Healthcare IT: Microsoft’s View, Part I

Posted on July 10, 2010


The following excerpts are taken from Microsoft’s white paper “Knowledge Driven Health: The Next Wave of Innovation in Healthcare”.  I could not manage to locate it again on the web again; I believe it is from 2008.

In lieu of a weblink, I have provided a Cliff’s Notes version of the document in two parts which, as the authors “present a vision of how health will be provided in the future.” Who knows what ideas will be adopted or how long it will take, but I found this a pretty realistic view into the crystal ball of where healthcare and information technology intersect; it is not the future for future’s sake, but an innovative future that looks to solve some of today’s major problems in healthcare. Microsoft offers more recent white papers at their website. 

The highlights:

“In this vision, technology supports and extends the capabilities of clinicians and healthcare facility administrators.

“Collection and management of vast amounts of clinical data (data needed for medical decision-making at the time of patient interaction) is a burden…Healthcare delivery is still largely manual and paper-based.

“Concerns plaguing the healthcare sector: escalating costs; inconsistent quality in therapies and outcomes; aging population; clinical research that takes a decade, on average, to get integrated into mainstream practice; lack of readily available clinical data; inappropriate hospitalizations; medication errors; and preventable deaths.

Key Challenges:
Interoperability of Health Information
• Seamless transfer of clinical patient data…vary in terms of modernity and sophistication
• Care providers simply do not have systems that enable them to synthesize and apply the appropriate data at decision-making time
• Care providers isolated from core clinical data can lack collaborative tools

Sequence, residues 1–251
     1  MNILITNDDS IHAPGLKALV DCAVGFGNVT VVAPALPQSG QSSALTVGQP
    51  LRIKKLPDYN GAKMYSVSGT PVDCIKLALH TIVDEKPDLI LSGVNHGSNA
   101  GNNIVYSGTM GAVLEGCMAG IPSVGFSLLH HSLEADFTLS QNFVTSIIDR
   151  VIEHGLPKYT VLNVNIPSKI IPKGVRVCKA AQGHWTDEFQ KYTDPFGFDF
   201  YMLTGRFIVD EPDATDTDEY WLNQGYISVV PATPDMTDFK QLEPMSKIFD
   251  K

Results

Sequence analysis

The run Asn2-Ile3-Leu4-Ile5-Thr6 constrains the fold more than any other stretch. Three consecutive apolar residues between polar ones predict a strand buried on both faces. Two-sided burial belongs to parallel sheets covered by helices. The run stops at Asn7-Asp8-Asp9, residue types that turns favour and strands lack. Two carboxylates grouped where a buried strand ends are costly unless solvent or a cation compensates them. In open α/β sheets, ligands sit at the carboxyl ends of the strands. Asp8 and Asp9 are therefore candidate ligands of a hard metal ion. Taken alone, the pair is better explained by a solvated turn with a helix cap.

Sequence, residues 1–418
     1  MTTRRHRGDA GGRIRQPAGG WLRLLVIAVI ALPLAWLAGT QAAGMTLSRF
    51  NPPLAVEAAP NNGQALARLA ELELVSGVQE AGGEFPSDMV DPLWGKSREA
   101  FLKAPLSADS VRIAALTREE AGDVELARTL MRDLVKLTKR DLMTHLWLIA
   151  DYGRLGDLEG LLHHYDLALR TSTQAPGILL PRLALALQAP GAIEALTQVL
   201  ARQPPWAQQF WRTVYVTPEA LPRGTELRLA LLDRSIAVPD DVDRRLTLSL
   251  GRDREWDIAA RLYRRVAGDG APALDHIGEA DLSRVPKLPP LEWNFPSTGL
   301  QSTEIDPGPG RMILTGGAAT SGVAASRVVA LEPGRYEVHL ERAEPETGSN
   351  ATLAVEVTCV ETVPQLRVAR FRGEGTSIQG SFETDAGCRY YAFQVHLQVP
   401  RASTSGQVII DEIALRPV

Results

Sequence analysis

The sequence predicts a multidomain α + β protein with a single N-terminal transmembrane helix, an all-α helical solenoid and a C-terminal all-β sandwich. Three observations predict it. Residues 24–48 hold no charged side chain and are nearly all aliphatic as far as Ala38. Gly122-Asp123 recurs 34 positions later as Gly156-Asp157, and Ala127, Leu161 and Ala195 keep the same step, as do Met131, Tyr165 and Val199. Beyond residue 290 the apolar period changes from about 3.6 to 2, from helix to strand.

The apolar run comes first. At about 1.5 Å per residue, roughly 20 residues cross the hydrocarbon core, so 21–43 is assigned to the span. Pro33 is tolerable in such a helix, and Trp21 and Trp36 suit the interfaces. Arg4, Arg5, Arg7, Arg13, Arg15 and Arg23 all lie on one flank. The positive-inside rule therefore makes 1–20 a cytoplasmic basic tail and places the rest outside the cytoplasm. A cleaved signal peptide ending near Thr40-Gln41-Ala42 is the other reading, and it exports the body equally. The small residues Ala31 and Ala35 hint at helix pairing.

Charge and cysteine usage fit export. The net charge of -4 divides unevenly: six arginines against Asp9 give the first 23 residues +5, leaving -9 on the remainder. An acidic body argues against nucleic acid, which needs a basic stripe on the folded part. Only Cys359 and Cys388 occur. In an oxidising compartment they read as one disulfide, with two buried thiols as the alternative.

• Too much time spent gathering clinical data from fragmented and incomplete sources, both electronic and paper-based

Clinician Adoption
• No one can force clinical staff to use systems; recording care is secondary to providing care
• Need easy access to data, processes and people anywhere and anytime needed
• Many health professionals have stayed with tried-and-true analog tools because of their simplicity, familiarity, and immediacy
• Clinical information system cannot be so complicated it takes hours of training, creates inefficiencies or potential for harmful errors; must be simple, speedy, portable, easy to find, quickly available, little or no formal training, quickly proficient with data entry that fits clinicians’ work flow: point and click, keyboard, digital ink, voice, gesture; should look and work like Web-based environments already familiar.
• Clinical information system: seamlessly and securely share information within and between hospitals, clinics, and physicians’ offices, and should fully integrate with insurers and other payers; affordable; proven, standardized, and affordable platform.

Information Glut
• Data being generated by researchers
• “GPS system for clinical practice”
• Context-aware system

Key Trends
“The health industry is typically 15 to 20 years behind other global industries with similar complexity in deploying and benefiting from automation.

Mobile Computing
“Advanced mobility solutions assist in the reduction of errors by capturing and delivering critical medical data at the point of care.
Database should be bedside of patient with access to patient’s complete medical record on a wireless-enabled tablet computer.  A growing range of medical devices digitally collect valuable information about an individual’s health status…leads to advanced home-based monitoring systems.

Consumer Driven Health
“For consumers to make effective healthcare choices there must be price and quality transparency about health professionals and facilities…Personal Health Record (portable, complete, owned by patient).

“Healthcare Dial Tone.  Healthcare dial tone is the concept of health information as a utility—as ubiquitous in its availability as a phone signal…it has everything to do with making existing data widely available to those decision-makers who are caring for patients.

Real-Time Data / Bio-Surveillance
“Patient data must continue to be immediately accessible. In the future, clinical information systems will deliver real-time data as needed to support local, regional, and national bio-surveillance and public health needs.

“We live in an age of reactive, brick and mortar healthcare that is usually provided in centralized facilities constructed at great expense. Most of us only come into contact with sophisticated medical instrumentation when something has gone seriously wrong…Medicine is probably the only area of our lives where we tolerate this lack of control.”

See future post “Healthcare IT:  Microsoft’s View, Part II”

Posted in: Healthcare IT